Iron and brass, the most common metals on the Maple Leaf, are present in the ship's construction and artifact assemblage. Although this discussion focuses on ship construction, the same factors effecting preservation operate on all metals found on the site. The quality of metal preservation differs depending on many known and unknown factors including metal type and location within the site. The mechanisms causing corrosion include water movement, salinity, marine growth, pH, galvanic coupling, sulphate reducing bacteria, and methogenic bacteria (North and MacLeod 1987:74-76; Rodgers 1989:336). Except for the paddle shaft, the site is too deeply buried to be affected by salinity, water movement, and marine growth. Also, galvanic coupling, caused by dissimilar metals touching, does not appear to be a major factor in metal corrosion observed inside the hull. The ship contains very little structural brass compared to iron so there are few opportunities for galvanic coupling to occur. The brass, or copper, sheathing on the outer hull probably affected exterior hull fasteners but the extent of corrosion is not known. In containers packed in the holds, many different types of metals are present but galvanic corrosion occurring inside the containers has little impact on the ship.

Sulfate reducing and methogenic bacteria living in the anaerobic sediments probably caused most of the iron corrosion on the site. The microbes colonized the wreck due to the lack of oxygen and the availability of food in the form of wooden ship timbers. The bacteria cause cathodic depolarization in iron, creating corrosion products, and produce methane and hydrogen sulfide gas as a by-product. Corrosion products become a factor in causing other organic and inorganic artifacts to deteriorate. For example, iron salts stain ceramic, glass, leather, wood, and many other material types. Also, iron eventually causes textiles to break down. The sulphate reducing environment increases the rate of copper corrosion and the increased pH levels caused by microbial activity increases the breakdown of glass, paper, wood, and other materials found predominantly in the cargo (Rodgers 1989:336, 339). Although these factors chiefly affected artifacts in the cargo, they also impacted iron used in the ship’s structure.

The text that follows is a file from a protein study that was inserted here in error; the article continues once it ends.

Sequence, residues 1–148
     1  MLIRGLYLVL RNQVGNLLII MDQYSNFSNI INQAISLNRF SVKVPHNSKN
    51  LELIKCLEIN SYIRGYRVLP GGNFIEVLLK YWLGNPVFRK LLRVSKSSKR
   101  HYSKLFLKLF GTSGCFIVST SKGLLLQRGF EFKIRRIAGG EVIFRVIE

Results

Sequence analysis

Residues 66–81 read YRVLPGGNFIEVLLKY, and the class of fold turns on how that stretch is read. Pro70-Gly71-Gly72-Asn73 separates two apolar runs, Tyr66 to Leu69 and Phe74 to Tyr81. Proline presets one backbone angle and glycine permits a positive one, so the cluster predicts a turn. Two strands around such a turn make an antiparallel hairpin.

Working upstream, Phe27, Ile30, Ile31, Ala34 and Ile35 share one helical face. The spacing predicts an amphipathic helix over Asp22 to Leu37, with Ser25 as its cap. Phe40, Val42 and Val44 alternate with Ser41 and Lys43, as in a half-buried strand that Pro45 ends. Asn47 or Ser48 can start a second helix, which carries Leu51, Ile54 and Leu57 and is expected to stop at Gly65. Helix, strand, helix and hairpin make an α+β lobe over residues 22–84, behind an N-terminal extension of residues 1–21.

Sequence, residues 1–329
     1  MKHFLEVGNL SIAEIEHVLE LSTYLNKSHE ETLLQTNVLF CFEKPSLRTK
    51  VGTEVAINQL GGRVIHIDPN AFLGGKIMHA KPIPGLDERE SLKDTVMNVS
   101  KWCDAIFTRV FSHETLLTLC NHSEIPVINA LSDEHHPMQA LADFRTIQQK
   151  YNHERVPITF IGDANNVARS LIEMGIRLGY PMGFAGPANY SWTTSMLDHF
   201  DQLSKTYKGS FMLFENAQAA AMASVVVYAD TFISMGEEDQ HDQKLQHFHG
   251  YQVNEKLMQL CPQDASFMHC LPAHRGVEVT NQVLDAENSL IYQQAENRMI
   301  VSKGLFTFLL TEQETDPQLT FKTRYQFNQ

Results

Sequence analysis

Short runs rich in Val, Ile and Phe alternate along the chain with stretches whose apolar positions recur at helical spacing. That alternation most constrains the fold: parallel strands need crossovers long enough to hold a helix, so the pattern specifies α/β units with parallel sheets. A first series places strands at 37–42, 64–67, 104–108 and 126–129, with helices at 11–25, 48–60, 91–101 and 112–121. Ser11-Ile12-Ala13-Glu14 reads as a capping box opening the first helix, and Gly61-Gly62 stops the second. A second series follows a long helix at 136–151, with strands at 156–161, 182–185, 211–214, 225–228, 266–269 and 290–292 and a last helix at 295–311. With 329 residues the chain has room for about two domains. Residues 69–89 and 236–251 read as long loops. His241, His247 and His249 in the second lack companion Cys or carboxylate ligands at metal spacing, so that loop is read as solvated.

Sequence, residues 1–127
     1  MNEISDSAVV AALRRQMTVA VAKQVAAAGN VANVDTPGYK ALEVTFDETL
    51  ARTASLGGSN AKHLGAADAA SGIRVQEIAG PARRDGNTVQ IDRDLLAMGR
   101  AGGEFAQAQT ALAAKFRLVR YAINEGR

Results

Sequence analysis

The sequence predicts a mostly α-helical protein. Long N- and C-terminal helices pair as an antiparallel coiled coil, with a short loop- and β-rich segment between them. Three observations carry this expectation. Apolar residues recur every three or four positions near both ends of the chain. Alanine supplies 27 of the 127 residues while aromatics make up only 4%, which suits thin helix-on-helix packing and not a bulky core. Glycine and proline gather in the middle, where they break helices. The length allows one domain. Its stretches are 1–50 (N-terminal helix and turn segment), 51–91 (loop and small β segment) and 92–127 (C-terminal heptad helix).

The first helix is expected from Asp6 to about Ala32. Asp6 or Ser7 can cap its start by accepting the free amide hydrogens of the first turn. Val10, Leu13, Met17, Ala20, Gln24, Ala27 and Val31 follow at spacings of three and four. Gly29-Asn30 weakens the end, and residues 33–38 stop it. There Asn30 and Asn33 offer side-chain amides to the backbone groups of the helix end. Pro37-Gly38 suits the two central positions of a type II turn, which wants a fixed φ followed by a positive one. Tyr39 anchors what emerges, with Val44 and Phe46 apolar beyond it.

The presence of methane and hydrogen sulfide gas would indicate the presence of methogenic and sulphate reducing bacteria, respectively. The noxious smell of hydrogen sulphide was not noticed on the site. However, wood artifacts stored in fresh water developed a sulphur smell indicating an active colony of sulphate reducing bacteria. These bacteria were probably present in the wood before it was recovered, then proliferated when storage conditions became anaerobic. Methane does not have an odor but its presence is suggested by the buoyant timbers found on the site. As methogenic bacteria feed on wood they release methane that is trapped inside the timbers causing them to become very buoyant. There is strong indirect evidence the Maple Leaf harbors methogenic and sulphate reducing bacteria and these microbes in turn have tremendous impact on iron preservation.

Generally, the anaerobic environment caused little damage to glass found on the site. Fragmentary architectural window glass was found on the aft deck. This glass is one of the few vestiges of cabin remains on the site and is present due to its inert nature. It consists of undecorated window glass and window glass decorated by coloring, enameling, and etching. Some of the glass is cracked and melted. This damage occurred the day after the Maple Leaf sank when Confederate forces burned the upper portion of the ship's superstructure (Bryan 1864).

Both decorated and undecorated glass display slight cloudiness and iridescence. This is caused by hydrolytic attack when potassium and sodium ions, the alkali components in glass, are replaced by hydrogen ions. Glass thickness slowly decreases and thin, weak layers of glass are left on the exterior. The extent of damage depends on how long the glass has been submerged and the pH of the surrounding environment, especially if buried. Acidic conditions accelerate decomposition (Singley 1988:23-24). Except for minor clouding, glass from the Maple Leaf is in excellent condition but decomposition will continue in the present site environment.